I’m planning to consult a potential future advisor for a postdoc position. However, they do not put up any advertisement for postdocs, thus there is a large possibility that they cannot afford a postdoc. However, even if they cannot afford any postdocs, I still prefer them to read my email, as our work are close in some degree and I do not wanna lose the opportunity for them to point me to someone else. For this reason, is it a good idea to not mentioning postdoc position upfront in the subject and only mention it much later in the body of the email?
I am applying for PhD positions nowadays. Recently, few PhDs are announced (in CoQus, Austria) and I am very interested in these positions. But it looks like these positions require very high profile candidates. They have asked about publications (if applicable) in nearly each paragraph of advertisement. It is also written that a candidate can only apply once for PhD in that institute in whole life.
I have written a paper during my M.Sc. but its status is “submitted”. So, technically I don’t have any publication yet.
I don’t want to lose my chance by applying without publication. So, my question is:
Is it a good idea to email professor of my interest asking about if my profile is good enough to have any chance to get this PhD?
I am a 3rd year computer engineering student at a mid-tier state school with a high gpa(3.97/4.0), top of my class, and 1 semester worth of research. I am also currently participating in very prestigious REU program, so I do have a decent amount of research experience. I have also taken the GRE and done pretty well(mid 80s) percentile in verb/quant and 99th percentile in AWA. I’ve also basically narrowed down my research interests to 2 fields, so I have a general idea of what I’d like to specialize in. My goal is to become a Professor in Electrical and Computer Engineering, and I’m starting to contemplate applying to grad schools. I really want a PhD because I know that it is absolutely necessary for my goals.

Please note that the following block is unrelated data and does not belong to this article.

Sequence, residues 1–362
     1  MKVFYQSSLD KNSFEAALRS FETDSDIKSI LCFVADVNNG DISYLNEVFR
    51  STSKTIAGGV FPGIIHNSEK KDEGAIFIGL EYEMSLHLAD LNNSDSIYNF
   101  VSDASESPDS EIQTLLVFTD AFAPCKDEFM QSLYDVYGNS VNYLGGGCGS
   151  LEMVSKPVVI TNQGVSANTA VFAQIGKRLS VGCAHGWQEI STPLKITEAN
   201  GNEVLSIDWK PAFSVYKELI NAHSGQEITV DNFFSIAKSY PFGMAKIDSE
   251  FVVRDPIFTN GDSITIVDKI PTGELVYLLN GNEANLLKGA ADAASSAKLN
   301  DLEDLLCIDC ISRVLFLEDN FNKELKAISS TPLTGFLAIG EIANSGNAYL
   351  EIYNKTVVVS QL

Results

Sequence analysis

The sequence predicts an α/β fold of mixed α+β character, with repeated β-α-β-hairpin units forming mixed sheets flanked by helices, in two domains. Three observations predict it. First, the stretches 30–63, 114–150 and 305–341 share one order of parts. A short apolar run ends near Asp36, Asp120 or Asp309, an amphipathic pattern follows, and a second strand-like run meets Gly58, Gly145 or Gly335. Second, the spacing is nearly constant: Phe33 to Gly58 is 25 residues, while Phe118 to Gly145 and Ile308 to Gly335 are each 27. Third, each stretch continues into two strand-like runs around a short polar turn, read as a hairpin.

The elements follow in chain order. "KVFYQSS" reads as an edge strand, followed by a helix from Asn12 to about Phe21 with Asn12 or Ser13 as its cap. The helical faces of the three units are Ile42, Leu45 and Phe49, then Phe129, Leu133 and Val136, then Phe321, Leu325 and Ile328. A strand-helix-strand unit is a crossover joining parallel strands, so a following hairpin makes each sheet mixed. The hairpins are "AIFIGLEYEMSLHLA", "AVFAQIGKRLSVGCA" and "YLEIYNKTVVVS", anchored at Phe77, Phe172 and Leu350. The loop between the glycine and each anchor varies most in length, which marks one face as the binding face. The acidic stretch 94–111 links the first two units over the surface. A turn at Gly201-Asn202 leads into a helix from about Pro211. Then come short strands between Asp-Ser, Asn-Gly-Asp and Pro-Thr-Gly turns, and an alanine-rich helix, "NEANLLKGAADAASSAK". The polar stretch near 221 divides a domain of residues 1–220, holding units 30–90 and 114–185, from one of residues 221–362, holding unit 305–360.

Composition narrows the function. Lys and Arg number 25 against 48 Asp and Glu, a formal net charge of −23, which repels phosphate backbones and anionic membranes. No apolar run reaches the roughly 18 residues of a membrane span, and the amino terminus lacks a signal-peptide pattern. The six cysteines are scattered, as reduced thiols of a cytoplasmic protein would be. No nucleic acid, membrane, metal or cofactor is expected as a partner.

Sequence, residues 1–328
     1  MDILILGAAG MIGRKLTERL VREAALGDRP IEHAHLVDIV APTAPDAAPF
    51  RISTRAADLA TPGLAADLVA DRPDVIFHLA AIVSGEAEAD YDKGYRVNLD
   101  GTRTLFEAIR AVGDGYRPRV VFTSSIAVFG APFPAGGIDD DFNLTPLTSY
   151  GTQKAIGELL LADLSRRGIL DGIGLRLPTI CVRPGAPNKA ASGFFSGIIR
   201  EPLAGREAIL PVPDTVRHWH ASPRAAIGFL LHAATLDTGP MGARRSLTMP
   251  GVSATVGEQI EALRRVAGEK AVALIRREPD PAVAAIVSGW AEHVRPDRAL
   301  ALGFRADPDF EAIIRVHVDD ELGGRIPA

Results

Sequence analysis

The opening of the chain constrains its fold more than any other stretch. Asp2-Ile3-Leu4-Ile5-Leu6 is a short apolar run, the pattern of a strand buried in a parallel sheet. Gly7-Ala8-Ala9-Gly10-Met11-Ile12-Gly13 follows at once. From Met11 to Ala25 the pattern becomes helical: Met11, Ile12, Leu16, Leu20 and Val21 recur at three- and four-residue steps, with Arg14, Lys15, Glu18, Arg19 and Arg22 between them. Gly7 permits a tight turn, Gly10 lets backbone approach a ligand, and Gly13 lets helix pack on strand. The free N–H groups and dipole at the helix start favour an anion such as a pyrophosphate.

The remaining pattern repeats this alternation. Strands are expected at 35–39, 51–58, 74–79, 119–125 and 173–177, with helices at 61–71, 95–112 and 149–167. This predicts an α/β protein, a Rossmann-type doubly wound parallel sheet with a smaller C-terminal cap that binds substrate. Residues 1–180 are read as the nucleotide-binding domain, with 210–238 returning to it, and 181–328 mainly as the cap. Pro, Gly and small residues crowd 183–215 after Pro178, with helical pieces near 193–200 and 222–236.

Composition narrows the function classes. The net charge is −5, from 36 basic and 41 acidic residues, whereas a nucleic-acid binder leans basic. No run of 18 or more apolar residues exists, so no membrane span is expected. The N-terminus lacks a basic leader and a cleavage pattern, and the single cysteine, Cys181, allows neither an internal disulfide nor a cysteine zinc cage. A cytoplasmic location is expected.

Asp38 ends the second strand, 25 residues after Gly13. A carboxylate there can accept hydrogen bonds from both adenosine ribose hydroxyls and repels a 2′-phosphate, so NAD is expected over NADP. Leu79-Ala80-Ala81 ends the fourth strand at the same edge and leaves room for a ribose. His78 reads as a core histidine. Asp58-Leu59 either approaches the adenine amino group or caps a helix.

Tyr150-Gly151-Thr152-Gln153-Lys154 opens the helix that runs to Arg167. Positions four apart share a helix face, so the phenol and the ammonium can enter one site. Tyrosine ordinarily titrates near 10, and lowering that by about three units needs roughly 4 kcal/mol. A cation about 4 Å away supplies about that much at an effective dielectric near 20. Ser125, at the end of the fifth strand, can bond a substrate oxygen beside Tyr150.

My only problem is that I am afraid of doing the PhD, because I feel that I won’t remember everything (or a good amount) of everything from undergrad. This especially scares me because despite my successes in undergrad, I’m not sure that I could pass the qualifying exams. I guess I’m just afraid of the unknown; do you think that I should just go for it?
Thanks, sorry if my question comes off as rambling; I really want to earn a PhD so I can be a professor or faculty member at some point and knowing that I could fail is very scary.
X gave some nanoparticles to Y lab 2 years ago. I worked on biological characterization of these particles in Y lab as a postdoc (second postdoc) and wrote a manuscript at the end of my 2 year contract. X lab had said when I joined Y lab that their work on the nanoparticles was almost ready for publication (so approximately 3 years) but till now they have not published the work.So 3 years now they havent published the synthesis work. Now its about a year since I left Y lab and there has been lack of communication across teams. Y lab people do not want to annoy X lab but do not have any plan in place of what is to be done. Y lab doesnt keep me in the loop and only when I ask they respond with a lame excuse for delay. If I question the excuse they ignore me till I send them a few follow ups only with a new excuse. So now is there are any work around the situation of the materials provided if I were to publish. And also if there is no technical reason,Y lab cannot keep blocking my paper from being put on the preprint server atleast. So if at all they wash their hands off the paper (I dont think they will back off easy) how can I go about the issue of the materials provided that we used in our study if X lab refuses being coauthors?